Responding to concerns from customers and partners, Novell is restructuring its corporate licensing framework to streamline the process and make license agreements more flexible.
Beginning March 1, the Linux software company will no longer force users into CLAs (contract license agreements), which attached upgrades and maintenance agreements to the software deal.
Customers will now purchase VLAs (volume license agreements), which are purely transactional, or MLAs (master license agreements), which are priced directly from Novell through national resellers and are attached to maintenance agreements. Maintenance, upgrades, service and support will now be sold a la carte. Customers still interested in contracts, for legal or regulatory purposes, may purchase MLAs.
The company also will allow customers to purchase licenses on a per-device basis, in addition to the current per-user agreement.
Novell executives said the reconfiguration was two years in the works following complaints from users and VARs in regular surveys that the CLAs overcomplicated the program. "A lot of it is spurred simply by confusion over the CLA program," said Steve Bartell, Novells licensing program manager, in Waltham, Mass. "Anything we can do to strip out complexity and give more options in the field helps us."
The reconfiguration makes the process transactional, allowing customers to buy what they need, when they need it, Bartell said.
The program will strip down the various levels assigned to each program.
Bartell and others said it is unlikely the reformation will affect Novells market share; the company runs a distant second to Linux leader Red Hat. But it could have the effect internally of swelling the ranks of MLA customers.
"I think thats where theyd like to drive users," said Jim DEsposito, a Novell sales representative with Softchoice, a Toronto-based software VAR. "Having maintenance attached and automatic renewal is a positive thing for any company."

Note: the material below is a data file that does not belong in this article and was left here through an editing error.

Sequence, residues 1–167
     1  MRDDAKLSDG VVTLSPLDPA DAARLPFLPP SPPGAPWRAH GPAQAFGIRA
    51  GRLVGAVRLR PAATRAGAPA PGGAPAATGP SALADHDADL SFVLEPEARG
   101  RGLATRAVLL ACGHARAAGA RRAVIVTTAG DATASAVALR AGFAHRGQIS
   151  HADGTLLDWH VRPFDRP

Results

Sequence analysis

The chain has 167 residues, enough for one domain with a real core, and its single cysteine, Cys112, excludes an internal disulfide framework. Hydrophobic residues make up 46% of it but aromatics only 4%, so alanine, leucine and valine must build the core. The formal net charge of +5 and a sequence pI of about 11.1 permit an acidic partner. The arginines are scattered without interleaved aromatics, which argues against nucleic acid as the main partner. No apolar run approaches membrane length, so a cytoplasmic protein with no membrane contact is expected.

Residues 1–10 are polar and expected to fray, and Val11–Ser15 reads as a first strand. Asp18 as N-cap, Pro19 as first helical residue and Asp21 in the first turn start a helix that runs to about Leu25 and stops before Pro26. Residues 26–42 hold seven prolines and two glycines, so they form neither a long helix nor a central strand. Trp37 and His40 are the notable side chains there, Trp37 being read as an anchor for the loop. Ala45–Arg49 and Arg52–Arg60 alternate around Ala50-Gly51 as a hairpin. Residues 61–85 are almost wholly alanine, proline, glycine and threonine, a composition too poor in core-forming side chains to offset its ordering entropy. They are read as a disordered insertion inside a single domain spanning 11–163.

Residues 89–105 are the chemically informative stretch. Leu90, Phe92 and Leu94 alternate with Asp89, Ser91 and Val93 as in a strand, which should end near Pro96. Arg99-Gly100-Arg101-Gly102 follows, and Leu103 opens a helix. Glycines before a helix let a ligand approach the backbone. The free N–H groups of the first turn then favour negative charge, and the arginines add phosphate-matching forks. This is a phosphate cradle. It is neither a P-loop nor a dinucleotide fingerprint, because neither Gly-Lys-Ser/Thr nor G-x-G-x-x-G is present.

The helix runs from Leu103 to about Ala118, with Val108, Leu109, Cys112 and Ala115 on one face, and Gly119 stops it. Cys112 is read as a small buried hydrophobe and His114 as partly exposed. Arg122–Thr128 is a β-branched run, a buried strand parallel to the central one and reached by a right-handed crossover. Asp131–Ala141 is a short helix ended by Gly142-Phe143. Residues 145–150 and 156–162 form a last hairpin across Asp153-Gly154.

"I believe that Novell wanted to remove the possibility that people would view fees to Novell as Novell taxes on their business," said Dan Kusnetzky, an analyst at IDC, in Framingham, Mass. "Often organizations use open-source software because they believe that it is a lower-cost option—an option having fewer limitations and encumbrances. Novell is attempting to make sure that people who just wanted an open-source product can obtain one. If they wanted a complete suite of support and training options, they can have that as well."
For customers, the program change will have little impact, DEsposito said. "Theyre going to pay a little more, but theyre going to get a little more," he said. MLAs have a larger discount but require larger purchases, driving cost up slightly. However, with that comes greater maintenance and service, DEsposito said.
For partners, of course, larger sales mean better business, but those limited to VLA sales—typically the smaller, local and regional VARs—may lose business to national resellers able to market the MLAs.
Partners also will benefit from a sleeker sales process, Bartell said. The new license agreement structure eliminates paperwork and approval paths that often elongated the sales cycle, said Bruce Lowery, a Novell spokesperson. "It removes layers of complexity that could extend the sales cycle a few weeks or more," Lowery said. "It also is adding options. It allows a user and partner to have more flexibility on [the] other side of the sale."
"The operational stuff, on [the] channel side, will be a lot easier," DEsposito said. "It clears up the system internally a good deal and knocks down what we need to look up out on the sale."
Internally, Novell expects to save resources traditionally spent to serve the mass of CLA customers and redirect them to better serve the pack, Bartell said.
"The transactional relationships will require much less work and allow us to focus on those customers in longer-term relationships," Bartell said. "It will help us improve relationships with customers, open up areas that werent as attractive [previously]."
The program additionally opens the Novell line to smaller companies that may have been stymied by the cost of a bundled contract, Bartell said. Allowing purchases on a per-device basis will open Novell to new verticals, he said, where shift work demands multiple users on the same device.
"Customers who look at the licensing agreements and say, This doesnt work for me, especially in health care, will have a simpler choice now," Bartell said. "They can now start counting by device."